Appreciating Wildland Firefighters (& WildFire Stats)


National Wildland Firefighter Day is July 2nd. July gets hot and dry, making wildfire risks increase. So, let’s talk about these smoke jumping, forest-and-structure-saving heroes and appreciate the job they do and all their challenges.

Stats on Wildfires

Wildfires are unplanned, out of control fires. They start from people (intentionally or just lost control) or lightning. The amount of wildfires changes through the years, keeping wildland firefighters busy. Certain states are more prone to lightning strikes while others will be more prone to losing land to each wildfire. Let’s look at some of the stats.

What’s it Take to be a Wildland Firefighter?

Departments typically hire wildland firefighters early in the year to prepare for the season which runs late June through late October. It takes physical fitness and specific education depending on the agency. Candidates may need to know about environmental science, agriculture, watershed management, wildlife management, wildland fire science, or more. Wildland firefighters can work a wildfire for weeks at a time. Seasonal firefighters may only get $8 an hour, but they could additionally receive hazard pay.

Hotshot fire crews undergo special training and have more experience. They receive the more difficult assignments and are active 130 days out of the year. There’s currently about 68 hotshot crews (about 1,360 firefighters) in the country.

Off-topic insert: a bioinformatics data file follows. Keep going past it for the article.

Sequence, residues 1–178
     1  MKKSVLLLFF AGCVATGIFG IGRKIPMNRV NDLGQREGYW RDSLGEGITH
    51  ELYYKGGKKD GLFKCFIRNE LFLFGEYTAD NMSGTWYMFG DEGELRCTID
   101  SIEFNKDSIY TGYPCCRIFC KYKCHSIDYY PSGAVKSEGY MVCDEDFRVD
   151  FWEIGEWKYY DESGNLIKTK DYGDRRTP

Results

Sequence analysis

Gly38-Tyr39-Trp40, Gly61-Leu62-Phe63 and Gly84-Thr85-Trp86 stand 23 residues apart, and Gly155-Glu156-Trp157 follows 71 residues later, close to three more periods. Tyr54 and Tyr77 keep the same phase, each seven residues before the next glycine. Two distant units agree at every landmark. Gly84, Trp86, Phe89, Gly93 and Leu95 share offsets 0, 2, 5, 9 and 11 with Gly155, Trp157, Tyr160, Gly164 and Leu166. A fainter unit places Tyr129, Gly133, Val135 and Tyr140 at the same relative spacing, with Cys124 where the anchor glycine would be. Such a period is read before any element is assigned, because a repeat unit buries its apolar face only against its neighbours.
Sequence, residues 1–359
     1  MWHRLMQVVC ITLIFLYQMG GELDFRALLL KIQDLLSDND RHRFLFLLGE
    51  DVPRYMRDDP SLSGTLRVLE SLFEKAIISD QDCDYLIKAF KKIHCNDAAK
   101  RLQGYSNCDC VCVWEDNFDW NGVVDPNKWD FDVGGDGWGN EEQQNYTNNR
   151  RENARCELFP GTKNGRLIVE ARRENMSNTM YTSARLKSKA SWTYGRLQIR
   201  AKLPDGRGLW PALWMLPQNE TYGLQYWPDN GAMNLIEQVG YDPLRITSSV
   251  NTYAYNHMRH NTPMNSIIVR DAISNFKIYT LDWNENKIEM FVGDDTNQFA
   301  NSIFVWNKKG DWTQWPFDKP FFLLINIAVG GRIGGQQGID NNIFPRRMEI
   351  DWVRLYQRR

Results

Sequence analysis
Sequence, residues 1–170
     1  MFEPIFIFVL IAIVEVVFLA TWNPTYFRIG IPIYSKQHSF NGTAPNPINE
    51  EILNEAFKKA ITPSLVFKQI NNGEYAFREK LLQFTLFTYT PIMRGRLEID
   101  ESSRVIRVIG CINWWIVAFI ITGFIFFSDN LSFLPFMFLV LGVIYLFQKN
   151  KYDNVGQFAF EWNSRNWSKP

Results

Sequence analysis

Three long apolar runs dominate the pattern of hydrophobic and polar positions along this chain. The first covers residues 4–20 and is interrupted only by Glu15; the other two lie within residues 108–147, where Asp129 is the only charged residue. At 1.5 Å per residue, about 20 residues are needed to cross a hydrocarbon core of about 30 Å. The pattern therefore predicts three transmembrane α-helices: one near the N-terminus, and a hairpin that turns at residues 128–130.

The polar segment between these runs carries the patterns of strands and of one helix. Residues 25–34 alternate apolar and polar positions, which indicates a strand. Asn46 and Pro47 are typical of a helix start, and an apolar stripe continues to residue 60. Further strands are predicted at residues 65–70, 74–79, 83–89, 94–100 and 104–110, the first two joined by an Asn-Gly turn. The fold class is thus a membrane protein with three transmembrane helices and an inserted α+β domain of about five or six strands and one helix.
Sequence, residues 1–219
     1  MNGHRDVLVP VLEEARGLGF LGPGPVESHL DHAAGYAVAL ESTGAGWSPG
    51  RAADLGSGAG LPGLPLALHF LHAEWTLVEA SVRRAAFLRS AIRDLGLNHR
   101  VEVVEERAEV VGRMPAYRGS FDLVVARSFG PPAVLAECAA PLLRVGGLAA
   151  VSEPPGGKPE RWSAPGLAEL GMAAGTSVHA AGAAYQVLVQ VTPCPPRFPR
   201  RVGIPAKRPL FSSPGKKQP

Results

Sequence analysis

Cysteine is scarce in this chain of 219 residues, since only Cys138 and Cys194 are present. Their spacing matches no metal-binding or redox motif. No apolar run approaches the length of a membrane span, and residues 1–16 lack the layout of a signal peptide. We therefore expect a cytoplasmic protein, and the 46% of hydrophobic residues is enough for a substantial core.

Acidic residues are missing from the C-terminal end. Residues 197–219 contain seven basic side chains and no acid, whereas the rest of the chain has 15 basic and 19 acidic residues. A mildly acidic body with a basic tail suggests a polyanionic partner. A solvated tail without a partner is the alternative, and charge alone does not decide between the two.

Smokejumpers start their job 3,000 feet up and are a type of highly trained wildland firefighters. They parachute down close to the fire and create firebreaks to stop the spread of fire. Their attack allows for quick action which aims to keep the fire as small as possible.

Helitack crews are crucial for bringing supplies to inaccessible areas. They’re trained to repel and drop equipment closer to the fire than the terrain would allow ground crews.

The many types of air tanks can carry up to 2-3 thousand gallons of water or fire retardant to dump on wildfires. The fire retardant has a pink dye so pilots can see where the drop lands.

Prevention and Support

Last year, fire suppression alone cost over 3 million dollars. This doesn’t include labor, prevention, and other operational costs. Prevention is key, but even if we did everything to prevent human error, lightning still strikes. Here are some ways you can prevent wildfires from occurring.

  • Build your fire in a safe, clear area, away from flammables and near a water source.
  • Put your fires out and make sure everything is cold and saturated with water.
  • Avoid driving over dry grass if possible, and especially avoid parking on it.
  • Maintain your equipment to avoid malfunction that could result in sparks or small fires.
  • Check conditions (dryness, heat, wind) before burning anything or using any fireworks—and follow local laws/guidelines!

Wildfires are just one of 11 major natural disasters. To learn more about all natural disasters and how to prepare, check this out. We need to be prepared and to support our wildland firefighters. You can support wildland firefighters through the Wildland Firefighter Foundation or find your local forestry or wildland firefighter organization to see how to support them.

Thank You!

We want to thank our wildland firefighters for all they do to keep our forests, wildlife, our homes, and us safe. They often work in remote areas and it goes unrecognized, so let’s show our appreciation.

Did we miss anything important about wildland firefighters or wildfires? Let us know!